In the previous essay, I wrote about the notion of a person having the body he deserves. In response to this T.J. Babson inquired about replacing “body” with “income.” As such, the question raised is whether or not a person has the income he deserves.
In the case of whether or not a person has the body he deserves, I argued that this is generally the case. After all, laying aside unfortunate accidents and illnesses, a person has (or is) the body that he has earned by his choices and actions. I also noted that the luck (good or bad) of birth can also be factored out in terms of what a person has earned-after all, a person would still get what he has earned given his circumstances.
Naturally, it can be contended that the same would hold true when it comes to income. After all, if unfortunate accidents are laid aside and the luck of birth is factored out, then a person surely gets the income that he deserves. After all, a person gets the income he has via his choices and actions, just as is the case with getting the body he has (or is). Thus, we all make what we deserve.
Or so it could be argued. However, there is the obvious question of whether the two situations are analogous. That is, whether the matter of deserved income is adequately similar to that of having the body one deserves.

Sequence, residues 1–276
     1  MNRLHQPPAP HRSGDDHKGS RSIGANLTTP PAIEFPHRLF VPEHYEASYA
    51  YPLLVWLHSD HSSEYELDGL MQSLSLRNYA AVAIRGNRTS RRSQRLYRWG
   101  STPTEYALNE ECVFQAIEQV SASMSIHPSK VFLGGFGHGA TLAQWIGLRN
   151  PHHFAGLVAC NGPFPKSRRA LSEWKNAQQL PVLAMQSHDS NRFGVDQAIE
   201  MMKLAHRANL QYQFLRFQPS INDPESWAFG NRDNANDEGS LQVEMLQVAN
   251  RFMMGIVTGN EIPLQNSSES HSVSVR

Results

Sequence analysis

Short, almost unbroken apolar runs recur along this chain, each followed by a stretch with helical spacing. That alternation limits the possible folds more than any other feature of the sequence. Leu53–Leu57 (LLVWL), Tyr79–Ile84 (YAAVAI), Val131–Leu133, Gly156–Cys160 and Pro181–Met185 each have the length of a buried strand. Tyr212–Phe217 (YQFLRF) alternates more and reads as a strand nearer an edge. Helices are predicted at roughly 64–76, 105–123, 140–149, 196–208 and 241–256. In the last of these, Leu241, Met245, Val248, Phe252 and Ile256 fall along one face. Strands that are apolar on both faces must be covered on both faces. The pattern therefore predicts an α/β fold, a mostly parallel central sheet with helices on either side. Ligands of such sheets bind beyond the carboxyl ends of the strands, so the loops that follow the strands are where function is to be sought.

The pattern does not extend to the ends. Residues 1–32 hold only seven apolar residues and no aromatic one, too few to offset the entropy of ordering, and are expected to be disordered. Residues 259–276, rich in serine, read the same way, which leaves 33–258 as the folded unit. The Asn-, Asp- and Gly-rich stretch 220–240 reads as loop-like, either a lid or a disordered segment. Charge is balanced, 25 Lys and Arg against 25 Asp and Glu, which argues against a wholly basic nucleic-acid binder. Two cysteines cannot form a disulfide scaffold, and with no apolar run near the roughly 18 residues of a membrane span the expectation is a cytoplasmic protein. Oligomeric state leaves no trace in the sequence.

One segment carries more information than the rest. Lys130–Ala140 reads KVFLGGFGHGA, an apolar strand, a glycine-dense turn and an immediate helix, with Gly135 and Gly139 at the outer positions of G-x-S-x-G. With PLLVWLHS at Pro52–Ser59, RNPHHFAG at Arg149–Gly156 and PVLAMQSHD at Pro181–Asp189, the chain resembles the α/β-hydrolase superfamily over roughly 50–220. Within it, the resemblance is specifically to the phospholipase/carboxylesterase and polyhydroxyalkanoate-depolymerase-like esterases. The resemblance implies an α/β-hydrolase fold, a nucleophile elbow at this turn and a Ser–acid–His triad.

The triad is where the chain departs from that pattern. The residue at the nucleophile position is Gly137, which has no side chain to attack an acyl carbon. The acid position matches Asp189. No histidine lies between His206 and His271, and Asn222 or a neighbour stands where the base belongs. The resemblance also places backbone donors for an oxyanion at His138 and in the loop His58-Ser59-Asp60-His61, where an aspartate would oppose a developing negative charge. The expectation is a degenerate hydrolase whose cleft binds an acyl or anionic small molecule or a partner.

One obvious difference is the nature of the how earning works in regards to the body and income. In the case of the body, getting the body one earns is a purely mechanical, objective and automatic matter. For example, if I choose to take in more calories than I burn, then I will start storing fat, thus altering my body in a way that I have clearly earned. As another example, if I do more speed work on the track, this will alter my body in ways that result in greater speed when running. As a third example, if I do more pushups and pull-ups, the strength of my body will increase. I get these results based entirely on what I do and they correspond perfectly to my actions and choices. As such, these results seem to be exactly what I deserve. After all, what I get stems from what I do.
In the case of income, getting what one earns is a matter of human decisions, is subjective and is not automatic. For example, my income is based largely on what other people who control the funds elect to pay me based on what they think I should be pay. This is presumably based on a subjective assessment of what I should be paid—most likely based on such factors as what they think is the lowest amount that will keep me from accepting another job and what they think it would cost to replace me with someone that could do what I do. My income is also not an automatic matter—I would not get an income just for teaching and so on. There has to be the conscious decision to provide me with the income. In the case of income, what I get might have little or even no connection to what I actually do. Thus a person might not get the income that he deserves.